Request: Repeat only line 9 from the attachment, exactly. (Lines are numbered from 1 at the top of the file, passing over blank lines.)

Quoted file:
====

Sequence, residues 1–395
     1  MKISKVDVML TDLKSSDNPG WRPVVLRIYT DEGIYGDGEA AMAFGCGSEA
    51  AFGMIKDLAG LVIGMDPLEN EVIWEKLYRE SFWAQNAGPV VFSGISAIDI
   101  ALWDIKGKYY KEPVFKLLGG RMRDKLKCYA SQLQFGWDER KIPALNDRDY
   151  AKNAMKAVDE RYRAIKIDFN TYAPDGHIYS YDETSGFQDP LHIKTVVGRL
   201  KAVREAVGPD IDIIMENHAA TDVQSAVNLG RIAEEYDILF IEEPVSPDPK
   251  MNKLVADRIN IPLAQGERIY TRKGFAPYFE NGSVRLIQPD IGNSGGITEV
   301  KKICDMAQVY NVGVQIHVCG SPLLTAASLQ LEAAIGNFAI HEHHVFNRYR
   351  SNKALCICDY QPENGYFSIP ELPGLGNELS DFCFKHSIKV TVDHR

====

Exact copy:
   351  SNKALCICDY QPENGYFSIP ELPGLGNELS DFCFKHSIKV TVDHR